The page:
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Natural outbreak of Streptococcus agalactiae (GBS) infection in wild giant Queensland grouper, Epinephelus lanceolatus (Bloch), and other wild fish in northern Queensland, Australia

Bowater, R. O. and Forbes-Faulkner, J. and Anderson, I. G. and Condon, K. and Robinson, B. and Kong, F. and Gilbert, G. L. and Reynolds, A. and Hyland, S. and McPherson, G. and Brien, J. O. and Blyde, D. (2012) Natural outbreak of Streptococcus agalactiae (GBS) infection in wild giant Queensland grouper, Epinephelus lanceolatus (Bloch), and other wild fish in northern Queensland, Australia. Journal of Fish Diseases, 35 (3). pp. 173-186. ISSN 0140-7775

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Article Link(s): http://dx.doi.org/10.1111/j.1365-2761.2011.01332.x

Abstract

Ninety-three giant Queensland grouper, Epinephelus lanceolatus (Bloch), were found dead in Queensland, Australia, from 2007 to 2011. Most dead fish occurred in northern Queensland, with a peak of mortalities in Cairns in June 2008. In 2009, sick wild fish including giant sea catfish, Arius thalassinus (Ruppell), and javelin grunter, Pomadasys kaakan (Cuvier), also occurred in Cairns. In 2009 and 2010, two disease epizootics involving wild stingrays occurred at Sea World marine aquarium. Necropsy, histopathology, bacteriology and PCR determined that the cause of deaths of 12 giant Queensland grouper, three wild fish, six estuary rays, Dasyatis fluviorum (Ogilby), one mangrove whipray, Himantura granulata (Macleay), and one eastern shovelnose ray, Aptychotrema rostrata (Shaw), was Streptococcus agalactiae septicaemia. Biochemical testing of 34 S.agalactiae isolates from giant Queensland grouper, wild fish and stingrays showed all had identical biochemical profiles. The 16S rRNA gene sequences of isolates confirmed all isolates were S.agalactiae; genotyping of selected S.agalactiae isolates showed the isolates from giant Queensland grouper were serotype Ib, whereas isolates from wild fish and stingrays closely resembled serotype II. This is the first report of S.agalactiae from wild giant Queensland grouper and other wild tropical fish and stingray species in Queensland, Australia.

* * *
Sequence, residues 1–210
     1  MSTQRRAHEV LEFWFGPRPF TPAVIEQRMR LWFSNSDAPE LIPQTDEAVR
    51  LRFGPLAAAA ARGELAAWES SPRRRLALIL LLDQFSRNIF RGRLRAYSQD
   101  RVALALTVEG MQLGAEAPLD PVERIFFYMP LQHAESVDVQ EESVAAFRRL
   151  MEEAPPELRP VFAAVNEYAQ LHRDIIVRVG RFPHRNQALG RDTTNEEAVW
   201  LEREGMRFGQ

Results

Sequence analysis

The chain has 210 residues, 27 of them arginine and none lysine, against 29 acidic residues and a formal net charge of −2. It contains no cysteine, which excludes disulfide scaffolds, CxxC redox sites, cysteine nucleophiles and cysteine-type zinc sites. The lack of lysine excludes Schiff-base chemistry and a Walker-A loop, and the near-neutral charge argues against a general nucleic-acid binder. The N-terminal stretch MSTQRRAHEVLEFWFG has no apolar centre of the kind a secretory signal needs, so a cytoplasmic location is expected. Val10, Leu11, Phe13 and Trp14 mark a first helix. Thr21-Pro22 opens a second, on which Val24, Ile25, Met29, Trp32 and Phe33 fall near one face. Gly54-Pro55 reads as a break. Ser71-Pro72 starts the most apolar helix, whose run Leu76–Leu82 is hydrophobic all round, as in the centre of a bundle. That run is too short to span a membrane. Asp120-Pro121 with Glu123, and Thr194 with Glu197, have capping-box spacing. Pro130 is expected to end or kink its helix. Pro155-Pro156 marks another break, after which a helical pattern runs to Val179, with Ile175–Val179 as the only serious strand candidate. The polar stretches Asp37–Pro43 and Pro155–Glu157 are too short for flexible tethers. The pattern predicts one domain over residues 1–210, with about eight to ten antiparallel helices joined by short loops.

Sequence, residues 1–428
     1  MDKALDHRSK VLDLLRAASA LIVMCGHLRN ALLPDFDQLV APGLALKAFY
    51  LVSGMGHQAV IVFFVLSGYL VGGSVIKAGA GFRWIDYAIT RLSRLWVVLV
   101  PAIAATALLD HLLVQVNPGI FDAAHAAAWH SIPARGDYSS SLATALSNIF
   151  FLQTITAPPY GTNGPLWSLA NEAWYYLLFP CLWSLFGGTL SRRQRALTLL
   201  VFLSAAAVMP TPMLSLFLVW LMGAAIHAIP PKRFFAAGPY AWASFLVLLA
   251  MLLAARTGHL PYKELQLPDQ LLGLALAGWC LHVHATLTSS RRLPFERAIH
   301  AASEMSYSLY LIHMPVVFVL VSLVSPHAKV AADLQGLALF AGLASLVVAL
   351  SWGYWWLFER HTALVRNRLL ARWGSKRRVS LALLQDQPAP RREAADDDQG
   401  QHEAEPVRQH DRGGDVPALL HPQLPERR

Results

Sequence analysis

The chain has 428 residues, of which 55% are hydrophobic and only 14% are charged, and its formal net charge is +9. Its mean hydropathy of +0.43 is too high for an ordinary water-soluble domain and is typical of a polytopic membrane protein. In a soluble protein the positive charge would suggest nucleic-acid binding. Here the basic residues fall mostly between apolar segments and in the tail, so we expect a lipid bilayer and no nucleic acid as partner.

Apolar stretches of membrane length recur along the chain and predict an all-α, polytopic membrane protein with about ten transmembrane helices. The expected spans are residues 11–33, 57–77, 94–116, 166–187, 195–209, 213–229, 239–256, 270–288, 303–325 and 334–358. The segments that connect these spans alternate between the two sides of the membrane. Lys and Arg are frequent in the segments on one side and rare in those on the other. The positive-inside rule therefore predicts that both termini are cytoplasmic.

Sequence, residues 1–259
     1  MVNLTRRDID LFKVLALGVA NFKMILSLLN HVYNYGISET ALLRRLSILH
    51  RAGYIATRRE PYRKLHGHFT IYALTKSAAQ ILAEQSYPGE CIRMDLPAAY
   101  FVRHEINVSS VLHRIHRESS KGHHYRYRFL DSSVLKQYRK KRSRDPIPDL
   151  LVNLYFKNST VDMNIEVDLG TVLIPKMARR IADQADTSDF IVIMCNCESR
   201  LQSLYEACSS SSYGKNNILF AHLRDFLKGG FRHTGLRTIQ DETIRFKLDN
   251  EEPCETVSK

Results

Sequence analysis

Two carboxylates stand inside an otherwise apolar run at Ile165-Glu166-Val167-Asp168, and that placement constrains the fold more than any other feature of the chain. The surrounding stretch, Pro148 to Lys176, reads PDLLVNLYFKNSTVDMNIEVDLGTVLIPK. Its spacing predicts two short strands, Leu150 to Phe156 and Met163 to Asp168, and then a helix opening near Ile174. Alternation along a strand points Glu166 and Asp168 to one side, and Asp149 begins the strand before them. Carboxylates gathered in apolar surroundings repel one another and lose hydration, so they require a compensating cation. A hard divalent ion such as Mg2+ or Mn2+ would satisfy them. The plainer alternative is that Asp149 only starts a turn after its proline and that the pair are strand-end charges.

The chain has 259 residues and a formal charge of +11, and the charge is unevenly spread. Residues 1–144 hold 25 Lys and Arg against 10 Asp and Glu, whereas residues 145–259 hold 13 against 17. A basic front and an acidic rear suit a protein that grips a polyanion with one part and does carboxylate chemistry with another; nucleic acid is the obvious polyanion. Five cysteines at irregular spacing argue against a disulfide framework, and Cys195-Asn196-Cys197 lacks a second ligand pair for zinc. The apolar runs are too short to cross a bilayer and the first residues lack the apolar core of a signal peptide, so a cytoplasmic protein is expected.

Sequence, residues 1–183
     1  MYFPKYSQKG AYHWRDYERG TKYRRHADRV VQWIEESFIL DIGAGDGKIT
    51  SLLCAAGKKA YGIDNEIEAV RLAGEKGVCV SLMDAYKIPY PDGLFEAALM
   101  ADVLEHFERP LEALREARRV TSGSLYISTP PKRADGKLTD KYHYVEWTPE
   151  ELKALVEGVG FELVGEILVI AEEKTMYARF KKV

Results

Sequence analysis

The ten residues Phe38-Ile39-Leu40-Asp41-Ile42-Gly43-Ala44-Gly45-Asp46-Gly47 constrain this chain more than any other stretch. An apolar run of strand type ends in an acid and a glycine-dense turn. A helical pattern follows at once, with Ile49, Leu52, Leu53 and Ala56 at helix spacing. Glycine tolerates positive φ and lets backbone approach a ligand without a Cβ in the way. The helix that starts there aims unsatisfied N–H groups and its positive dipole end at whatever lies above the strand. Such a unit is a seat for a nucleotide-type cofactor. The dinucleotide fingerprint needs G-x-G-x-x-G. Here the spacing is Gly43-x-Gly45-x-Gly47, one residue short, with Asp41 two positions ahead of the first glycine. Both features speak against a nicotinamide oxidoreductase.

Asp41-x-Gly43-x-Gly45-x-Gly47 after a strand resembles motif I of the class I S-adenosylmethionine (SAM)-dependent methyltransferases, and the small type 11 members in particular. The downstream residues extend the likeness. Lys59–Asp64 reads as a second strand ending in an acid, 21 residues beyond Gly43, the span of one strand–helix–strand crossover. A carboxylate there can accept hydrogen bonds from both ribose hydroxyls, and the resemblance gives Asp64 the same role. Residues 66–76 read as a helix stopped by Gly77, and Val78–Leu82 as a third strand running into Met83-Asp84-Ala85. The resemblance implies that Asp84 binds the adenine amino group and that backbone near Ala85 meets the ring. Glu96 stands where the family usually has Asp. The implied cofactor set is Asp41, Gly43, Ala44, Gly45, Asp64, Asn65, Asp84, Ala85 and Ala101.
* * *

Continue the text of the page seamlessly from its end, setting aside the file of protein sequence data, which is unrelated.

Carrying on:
Item Type:Article
Business groups:Animal Science
Additional Information:Bowater, R. O. Forbes-Faulkner, J. Anderson, I. G. Condon, K. Robinson, B. Kong, F. Gilbert, G. L. Reynolds, A. Hyland, S. McPherson, G. Brien, J. O. Blyde, D.
Subjects:Aquaculture and Fisheries > Fisheries > By region or country > Australia
Veterinary medicine > Veterinary pathology
Veterinary medicine > Diseases of special classes of animals
Deposited On:10 Apr 2014 03:06
Last Modified:10 Apr 2014 03:06

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